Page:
Wednesday, December 20, 2006
There were an estimated 1 million people in the Puget Sound region who lost power in last Thursday's storm. Some are still without power and another storm is supposed to be on its way. As I drove around this last week, I marveled at how fragile our world is. In one day, all of those things we take for granted -- lights, heat, fuel, food -- were suddenly scarce.
I can only imagine what the poor victims of Katrina experienced. Theirs wasn't just a temporary loss of power.
But all this seems to be an appropriate topic right on the heels of my temporary panic at the thought of losing my computer files. Jane Poe pointed out to me that it was symbolic of "the ultimate impermanency of everything" and that "life is a series of lessons in loss and change."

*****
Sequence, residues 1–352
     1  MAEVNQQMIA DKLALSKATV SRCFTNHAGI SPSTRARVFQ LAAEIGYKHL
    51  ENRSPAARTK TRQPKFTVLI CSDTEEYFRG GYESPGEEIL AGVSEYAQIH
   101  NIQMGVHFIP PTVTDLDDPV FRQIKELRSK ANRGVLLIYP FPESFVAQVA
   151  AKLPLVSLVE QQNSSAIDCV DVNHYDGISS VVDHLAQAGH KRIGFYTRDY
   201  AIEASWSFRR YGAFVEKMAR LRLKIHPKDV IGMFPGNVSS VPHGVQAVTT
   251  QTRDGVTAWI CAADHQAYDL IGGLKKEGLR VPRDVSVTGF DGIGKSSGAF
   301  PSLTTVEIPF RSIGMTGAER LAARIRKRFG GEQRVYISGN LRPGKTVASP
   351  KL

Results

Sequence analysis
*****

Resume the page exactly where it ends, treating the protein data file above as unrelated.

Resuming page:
Truer words were ever typed.
But Seattle's recent series of minor disasters drove home that feeling that everything is subject to the whims (or design) of nature and that we should be less smug when we take our surroundings for granted. It would only take one meteorite hit to send us all the way of the dinosaurs.
At least then we wouldn't have to worry about global warming.